Hamas leader visits Turkish president over Al Aqsa clashes

Hamas leader Khaled Meshal met with Turkish president to discuss clashes between Palestinians and Israeli security forces at Al Aqsa Mosque

Photo by: Anadolu Agency
Photo by: Anadolu Agency

Hamas leader Khaled Meshal and Turkey's President Recep Tayyip Erdogan seen in this file photo.

Updated Sep 17, 2015

Turkish President Recep Tayyip Erdogan accepted Hamas leader Khaled Meshal with number of political chiefs on Monday in capital Ankara, after ongoing clashes at Al Aqsa Mosque, according to a presidential source speaking on condition of anonymity.

During the meeting, Erdogan was briefed by Hamas leader regarding the violence emerged at the Al Aqsa Mosque against the Palestinians while they were praying there. 

Erdogan strongly condemned the violence, which left at least 17 Palestinians injured and Meshal thanked Erdogan for backing Palestinians.

On the third day of clashes, a number of Israeli soldiers attacked and set foot on pulpit and roof of the Al Aqsa Mosque with their combat boots, considered a highly offensive action toward all Muslims and their holy site of prayer. 

Israeli forces used tear gas, stun grenades and rubber bullets on worshipers near the Al Aqsa Mosque and the Al Qibali Mosque.

Omar al-Qiswani, director of the Al Aqsa Mosque, said the gates of the holy site has been sealed by Israeli forces. They have obstructed all ages of men and women entiring the mosque and arrested several Palestinians whom they described as "stone throwers" while numerous cases of injured Palestinian women and men have been reported.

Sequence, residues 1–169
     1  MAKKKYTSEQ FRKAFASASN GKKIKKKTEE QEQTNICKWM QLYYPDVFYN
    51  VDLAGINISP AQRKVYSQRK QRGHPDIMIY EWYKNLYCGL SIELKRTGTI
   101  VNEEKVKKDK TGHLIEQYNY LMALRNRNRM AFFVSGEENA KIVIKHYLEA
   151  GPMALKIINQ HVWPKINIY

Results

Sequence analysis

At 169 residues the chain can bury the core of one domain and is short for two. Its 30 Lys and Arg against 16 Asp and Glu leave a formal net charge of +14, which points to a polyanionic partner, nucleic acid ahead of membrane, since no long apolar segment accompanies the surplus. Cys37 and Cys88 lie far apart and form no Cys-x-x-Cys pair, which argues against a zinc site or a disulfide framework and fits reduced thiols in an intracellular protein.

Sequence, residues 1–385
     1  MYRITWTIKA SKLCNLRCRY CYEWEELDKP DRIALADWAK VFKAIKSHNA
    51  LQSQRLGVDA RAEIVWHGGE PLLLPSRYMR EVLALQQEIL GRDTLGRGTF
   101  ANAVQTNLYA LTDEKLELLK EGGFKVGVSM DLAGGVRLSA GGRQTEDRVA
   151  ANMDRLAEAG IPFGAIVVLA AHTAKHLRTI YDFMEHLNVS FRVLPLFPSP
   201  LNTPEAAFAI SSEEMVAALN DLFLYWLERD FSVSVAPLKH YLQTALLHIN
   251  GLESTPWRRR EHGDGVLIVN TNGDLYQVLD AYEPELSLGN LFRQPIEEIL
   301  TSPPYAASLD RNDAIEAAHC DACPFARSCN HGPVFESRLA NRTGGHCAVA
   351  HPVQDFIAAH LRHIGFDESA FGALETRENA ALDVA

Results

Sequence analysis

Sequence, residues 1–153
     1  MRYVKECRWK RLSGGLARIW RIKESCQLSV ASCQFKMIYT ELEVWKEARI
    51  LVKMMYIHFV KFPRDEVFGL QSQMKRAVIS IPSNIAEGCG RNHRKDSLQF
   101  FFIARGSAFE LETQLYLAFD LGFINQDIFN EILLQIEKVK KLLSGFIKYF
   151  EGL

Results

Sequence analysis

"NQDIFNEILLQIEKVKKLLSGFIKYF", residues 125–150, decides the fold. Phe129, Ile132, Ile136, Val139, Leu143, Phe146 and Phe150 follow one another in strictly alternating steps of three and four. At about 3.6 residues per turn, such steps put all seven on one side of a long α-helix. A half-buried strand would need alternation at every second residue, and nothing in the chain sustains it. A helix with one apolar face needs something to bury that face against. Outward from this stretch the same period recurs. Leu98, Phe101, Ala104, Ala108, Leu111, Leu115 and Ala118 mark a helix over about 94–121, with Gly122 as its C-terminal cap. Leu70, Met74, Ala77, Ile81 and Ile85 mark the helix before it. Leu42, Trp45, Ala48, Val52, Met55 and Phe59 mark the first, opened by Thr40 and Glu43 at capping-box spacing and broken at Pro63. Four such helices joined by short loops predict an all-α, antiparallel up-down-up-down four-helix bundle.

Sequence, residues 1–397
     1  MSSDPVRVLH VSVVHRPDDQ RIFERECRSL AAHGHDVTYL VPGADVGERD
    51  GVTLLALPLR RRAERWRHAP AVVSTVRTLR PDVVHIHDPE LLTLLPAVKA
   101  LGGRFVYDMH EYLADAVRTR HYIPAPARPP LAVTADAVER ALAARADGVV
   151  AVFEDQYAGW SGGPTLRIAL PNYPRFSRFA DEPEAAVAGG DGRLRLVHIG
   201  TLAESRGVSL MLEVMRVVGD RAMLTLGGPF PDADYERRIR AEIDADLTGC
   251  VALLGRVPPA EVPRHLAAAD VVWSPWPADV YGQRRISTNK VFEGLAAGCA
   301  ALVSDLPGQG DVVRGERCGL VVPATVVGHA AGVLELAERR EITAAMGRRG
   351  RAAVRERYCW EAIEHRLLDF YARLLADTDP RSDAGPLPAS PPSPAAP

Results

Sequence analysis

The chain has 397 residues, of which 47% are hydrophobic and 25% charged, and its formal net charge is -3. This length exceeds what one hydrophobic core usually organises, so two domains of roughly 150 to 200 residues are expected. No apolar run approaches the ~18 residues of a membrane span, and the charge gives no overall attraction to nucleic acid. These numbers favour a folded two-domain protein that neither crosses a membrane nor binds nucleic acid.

"At least 170 Israeli special forces and police stormed the compound through Al Magharabeh gate and started firing rubber bullets and stun grenades," Sheikh Azzam Al Khatib, director-general of the Al Aqsa Affairs, spoke to Anadolu Agency.

Tensions also has been heighthening around the Al Aqsa Mosque after some of extremist Jewish groups called for the destruction of the Al Aqsa Mosque in order to build a new Jewish temple in its place.

International reactions on the Israeli attacks

Spokesperson for the United States Department of State John Kirby also condemned the violence around the Al Aqsa Mosque.

"The United States is deeply concerned by the recent violence and escalating tensions surrounding the Haram Al Sharif, Temple Mount. We strongly condemn all acts of violence," Kirby said.

In Jordan, King Abdullah II said “We are very concerned and angry with the recent escalation in Jerusalem, specifically in the Al Aqsa Mosque.”

"Any more provocations in Jerusalem, will affect the relationship between Jordan and Israel; and Jordan will have no choice, but to take action, unfortunately” the King added.

UN Secretary-General Ban Ki-moon stated the United Nations was also “concerned” at the violance at holy sites in Jerusalem.

Israel annexed east Jerusalem, where Al Aqsa is located, in the Six Day War of 1967. However, the international community overwhelmingly disapproved this takeover and never recognized it.


TRTWorld and agencies